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Think Your Water Bill Is Too High? Blame the Rain.

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Before it was consumed by Ahmed Mohamed's clock, Dallas' broadcast media's late summer obsession was listening to people complain about their water bills.

“Four times higher,” The Colony's Jim Budney told KXAS at the end of August. "Hasn't been that much hotter, we've been watering the lawn with the same regularity, and only the two of us in the house, so it's a big discrepancy."

WFAA found its complainers in the city of Dallas itself, near Jesuit high school.

"We have a neighborhood message board and email deal,” Maria Tuttle said. “It was just blowing up last week with all kinds of people talking about their water bill.”

KTVT reported from a meeting with city leaders in Garland early this month. The city said it hadn't found a single faulty meter. Residents said they didn't trust the city. 

“Something has got to be wrong if all of us are out here complaining about the same thing!” said one woman in the crowd.

Monday, Dallas Water Utilities Director Jody Puckett, said that, in Dallas at least, nothing is wrong, despite the complaints.

Dallas City Council members summoned Puckett to a meeting of the Budget, Finance and Audit Committee because they've been inundated with complaints from constituents who believe they are being billed too much, that their meters are malfunctioning or that rates have been raised without advanced notice. Puckett says none of that's happened. Bills are up, she said, because of an extremely wet May being followed by an extremely dry summer. The wet weather meant no lawn watering, which can make up the bulk of customers' bills. Now people are watering again, so the bills are going to by higher, Puckett said.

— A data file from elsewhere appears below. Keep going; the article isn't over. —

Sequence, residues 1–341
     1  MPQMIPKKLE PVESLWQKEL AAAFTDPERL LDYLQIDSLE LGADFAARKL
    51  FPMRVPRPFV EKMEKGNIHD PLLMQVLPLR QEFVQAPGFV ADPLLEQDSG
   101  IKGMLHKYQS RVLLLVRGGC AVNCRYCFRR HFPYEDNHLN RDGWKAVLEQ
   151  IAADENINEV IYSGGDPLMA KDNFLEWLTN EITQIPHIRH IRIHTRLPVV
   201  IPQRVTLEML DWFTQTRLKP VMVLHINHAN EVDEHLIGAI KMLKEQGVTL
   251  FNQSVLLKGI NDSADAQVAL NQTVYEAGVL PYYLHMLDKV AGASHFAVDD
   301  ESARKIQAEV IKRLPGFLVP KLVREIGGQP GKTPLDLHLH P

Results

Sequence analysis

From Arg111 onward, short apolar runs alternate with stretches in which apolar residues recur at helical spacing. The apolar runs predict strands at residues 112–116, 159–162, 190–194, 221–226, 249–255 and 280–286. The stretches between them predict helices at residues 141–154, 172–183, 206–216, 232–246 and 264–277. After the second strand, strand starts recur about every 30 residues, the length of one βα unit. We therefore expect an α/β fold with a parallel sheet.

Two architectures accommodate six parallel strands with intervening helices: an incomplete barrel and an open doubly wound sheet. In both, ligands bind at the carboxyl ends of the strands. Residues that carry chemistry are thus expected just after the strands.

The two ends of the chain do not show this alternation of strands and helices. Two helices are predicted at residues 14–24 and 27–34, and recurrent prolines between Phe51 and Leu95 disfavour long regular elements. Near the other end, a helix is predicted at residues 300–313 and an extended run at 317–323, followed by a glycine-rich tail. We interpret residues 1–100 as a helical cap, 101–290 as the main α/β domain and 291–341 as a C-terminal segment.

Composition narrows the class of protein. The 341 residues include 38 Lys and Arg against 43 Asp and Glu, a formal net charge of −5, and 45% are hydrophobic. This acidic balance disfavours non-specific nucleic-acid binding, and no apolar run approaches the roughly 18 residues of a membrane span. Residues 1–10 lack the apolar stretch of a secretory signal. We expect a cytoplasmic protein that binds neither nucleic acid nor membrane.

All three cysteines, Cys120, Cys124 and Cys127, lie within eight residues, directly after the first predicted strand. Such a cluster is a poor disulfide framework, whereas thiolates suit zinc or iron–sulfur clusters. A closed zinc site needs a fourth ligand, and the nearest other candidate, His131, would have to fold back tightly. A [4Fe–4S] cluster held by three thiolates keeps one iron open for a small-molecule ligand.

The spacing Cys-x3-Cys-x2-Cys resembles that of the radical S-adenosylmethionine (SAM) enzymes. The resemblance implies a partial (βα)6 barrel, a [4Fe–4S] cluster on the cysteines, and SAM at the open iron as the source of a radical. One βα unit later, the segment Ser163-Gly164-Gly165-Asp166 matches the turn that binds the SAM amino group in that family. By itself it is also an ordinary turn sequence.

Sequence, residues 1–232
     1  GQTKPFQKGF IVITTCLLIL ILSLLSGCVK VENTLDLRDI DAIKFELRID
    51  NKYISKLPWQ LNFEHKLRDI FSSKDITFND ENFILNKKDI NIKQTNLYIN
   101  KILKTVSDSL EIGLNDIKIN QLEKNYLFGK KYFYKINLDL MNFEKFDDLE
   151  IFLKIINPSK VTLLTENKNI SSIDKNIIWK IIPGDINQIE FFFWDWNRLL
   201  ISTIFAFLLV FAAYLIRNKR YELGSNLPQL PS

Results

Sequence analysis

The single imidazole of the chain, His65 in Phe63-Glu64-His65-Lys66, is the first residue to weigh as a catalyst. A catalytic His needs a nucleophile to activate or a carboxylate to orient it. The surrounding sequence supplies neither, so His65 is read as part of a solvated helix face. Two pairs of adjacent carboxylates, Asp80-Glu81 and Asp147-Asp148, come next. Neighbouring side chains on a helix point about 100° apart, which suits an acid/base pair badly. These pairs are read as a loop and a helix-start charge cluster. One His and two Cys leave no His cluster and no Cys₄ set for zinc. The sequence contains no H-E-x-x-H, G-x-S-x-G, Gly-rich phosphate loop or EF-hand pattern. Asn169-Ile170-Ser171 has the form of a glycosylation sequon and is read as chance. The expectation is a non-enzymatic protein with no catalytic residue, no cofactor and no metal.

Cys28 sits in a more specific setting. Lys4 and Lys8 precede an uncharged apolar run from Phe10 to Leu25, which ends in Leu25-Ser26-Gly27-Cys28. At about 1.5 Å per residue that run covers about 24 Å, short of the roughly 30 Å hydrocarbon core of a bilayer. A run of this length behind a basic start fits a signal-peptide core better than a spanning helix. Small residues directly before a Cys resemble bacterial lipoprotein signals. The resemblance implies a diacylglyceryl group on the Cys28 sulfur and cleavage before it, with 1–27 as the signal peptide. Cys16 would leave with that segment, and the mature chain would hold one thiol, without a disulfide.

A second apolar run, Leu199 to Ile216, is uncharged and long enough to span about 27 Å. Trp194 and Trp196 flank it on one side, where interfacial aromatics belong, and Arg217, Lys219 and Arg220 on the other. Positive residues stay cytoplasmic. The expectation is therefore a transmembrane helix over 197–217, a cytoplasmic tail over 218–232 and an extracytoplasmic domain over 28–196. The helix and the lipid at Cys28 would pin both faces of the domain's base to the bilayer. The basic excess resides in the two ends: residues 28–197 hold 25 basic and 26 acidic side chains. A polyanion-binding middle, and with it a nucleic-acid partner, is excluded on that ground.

"I don't think we've over-billed anybody," Puckett said. "Generally speaking, people have watered because it didn't rain".

Dallas uses a tiered system for water billing, as usage gets higher, so do the rates. If you abstain from high usage activities, like watering your lawn, you can end up without triggering the higher tiers at all, keeping your bill really low. Malfunctioning Dallas meters, because the city uses mechanical meters exclusively for residential customers, measure less water over time because their gears spin slower, so that wouldn't account for any over billing either, Puckett said.

"There's no nefarious conspiracy, there's no mid-year rate increase, there's no computer malfunction," she said.

Philip Kingston questioned Puckett as to whether 100 percent of the complaints he and his colleagues had received stemmed from people receiving correct bills. Puckett said that no one has received an incorrect bill to her knowledge, but some people might have a leak. If they repair it, Puckett said, they might be eligible for a bill adjustment to compensate for the price of leaked water. Puckett did concede that it might be better if the city actually showed water rates on its bills, but it hasn't done that since she started working for DWU.

Under certain circumstances — if a meter reader can't get to the meter box, for instance — DWU may estimate a meter read, but any overcharges are corrected when the meter is next read in person. Of the 300,000 water meters in the city of Dallas, Puckett guessed 5  percent weren't actually read in a given month.

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